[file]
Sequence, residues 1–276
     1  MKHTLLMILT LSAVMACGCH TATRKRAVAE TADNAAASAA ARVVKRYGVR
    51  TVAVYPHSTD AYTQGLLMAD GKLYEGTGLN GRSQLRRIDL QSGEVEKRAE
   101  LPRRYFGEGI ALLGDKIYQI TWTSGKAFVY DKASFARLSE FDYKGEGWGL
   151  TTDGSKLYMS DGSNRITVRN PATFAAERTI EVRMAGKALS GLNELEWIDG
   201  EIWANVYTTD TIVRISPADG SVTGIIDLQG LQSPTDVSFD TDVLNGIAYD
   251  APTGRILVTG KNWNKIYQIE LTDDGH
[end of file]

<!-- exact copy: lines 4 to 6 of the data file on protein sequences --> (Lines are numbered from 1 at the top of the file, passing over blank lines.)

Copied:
   101  LPRRYFGEGI ALLGDKIYQI TWTSGKAFVY DKASFARLSE FDYKGEGWGL
   151  TTDGSKLYMS DGSNRITVRN PATFAAERTI EVRMAGKALS GLNELEWIDG
   201  EIWANVYTTD TIVRISPADG SVTGIIDLQG LQSPTDVSFD TDVLNGIAYD